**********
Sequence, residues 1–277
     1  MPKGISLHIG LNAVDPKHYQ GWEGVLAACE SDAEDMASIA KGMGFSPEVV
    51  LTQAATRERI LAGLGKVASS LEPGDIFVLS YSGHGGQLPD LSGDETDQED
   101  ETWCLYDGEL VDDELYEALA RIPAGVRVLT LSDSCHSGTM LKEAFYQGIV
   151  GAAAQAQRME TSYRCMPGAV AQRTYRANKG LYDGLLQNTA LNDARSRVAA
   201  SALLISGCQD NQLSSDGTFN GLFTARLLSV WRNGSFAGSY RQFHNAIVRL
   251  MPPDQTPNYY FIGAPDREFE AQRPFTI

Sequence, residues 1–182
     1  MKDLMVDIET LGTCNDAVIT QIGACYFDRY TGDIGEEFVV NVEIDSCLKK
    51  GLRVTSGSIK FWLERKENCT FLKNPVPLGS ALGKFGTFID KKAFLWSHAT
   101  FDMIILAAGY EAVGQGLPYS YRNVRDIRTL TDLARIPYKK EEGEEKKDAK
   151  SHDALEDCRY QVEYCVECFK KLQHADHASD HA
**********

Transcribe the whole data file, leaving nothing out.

Sequence, residues 1–277
     1  MPKGISLHIG LNAVDPKHYQ GWEGVLAACE SDAEDMASIA KGMGFSPEVV
    51  LTQAATRERI LAGLGKVASS LEPGDIFVLS YSGHGGQLPD LSGDETDQED
   101  ETWCLYDGEL VDDELYEALA RIPAGVRVLT LSDSCHSGTM LKEAFYQGIV
   151  GAAAQAQRME TSYRCMPGAV AQRTYRANKG LYDGLLQNTA LNDARSRVAA
   201  SALLISGCQD NQLSSDGTFN GLFTARLLSV WRNGSFAGSY RQFHNAIVRL
   251  MPPDQTPNYY FIGAPDREFE AQRPFTI

Sequence, residues 1–182
     1  MKDLMVDIET LGTCNDAVIT QIGACYFDRY TGDIGEEFVV NVEIDSCLKK
    51  GLRVTSGSIK FWLERKENCT FLKNPVPLGS ALGKFGTFID KKAFLWSHAT
   101  FDMIILAAGY EAVGQGLPYS YRNVRDIRTL TDLARIPYKK EEGEEKKDAK
   151  SHDALEDCRY QVEYCVECFK KLQHADHASD HA